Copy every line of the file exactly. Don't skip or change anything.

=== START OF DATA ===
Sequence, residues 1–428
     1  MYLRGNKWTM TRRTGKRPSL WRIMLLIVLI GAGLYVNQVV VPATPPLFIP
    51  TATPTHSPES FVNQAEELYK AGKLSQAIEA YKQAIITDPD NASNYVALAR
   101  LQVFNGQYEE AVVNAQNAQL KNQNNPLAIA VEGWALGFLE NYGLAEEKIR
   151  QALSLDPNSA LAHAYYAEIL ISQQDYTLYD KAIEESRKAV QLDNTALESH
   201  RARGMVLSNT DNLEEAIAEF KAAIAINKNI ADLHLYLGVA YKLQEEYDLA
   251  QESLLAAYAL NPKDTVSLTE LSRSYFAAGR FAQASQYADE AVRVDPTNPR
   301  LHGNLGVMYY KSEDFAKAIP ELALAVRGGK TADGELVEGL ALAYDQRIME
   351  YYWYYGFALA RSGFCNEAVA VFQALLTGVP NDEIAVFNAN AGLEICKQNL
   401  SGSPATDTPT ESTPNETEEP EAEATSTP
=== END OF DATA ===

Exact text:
Sequence, residues 1–428
     1  MYLRGNKWTM TRRTGKRPSL WRIMLLIVLI GAGLYVNQVV VPATPPLFIP
    51  TATPTHSPES FVNQAEELYK AGKLSQAIEA YKQAIITDPD NASNYVALAR
   101  LQVFNGQYEE AVVNAQNAQL KNQNNPLAIA VEGWALGFLE NYGLAEEKIR
   151  QALSLDPNSA LAHAYYAEIL ISQQDYTLYD KAIEESRKAV QLDNTALESH
   201  RARGMVLSNT DNLEEAIAEF KAAIAINKNI ADLHLYLGVA YKLQEEYDLA
   251  QESLLAAYAL NPKDTVSLTE LSRSYFAAGR FAQASQYADE AVRVDPTNPR
   301  LHGNLGVMYY KSEDFAKAIP ELALAVRGGK TADGELVEGL ALAYDQRIME
   351  YYWYYGFALA RSGFCNEAVA VFQALLTGVP NDEIAVFNAN AGLEICKQNL
   401  SGSPATDTPT ESTPNETEEP EAEATSTP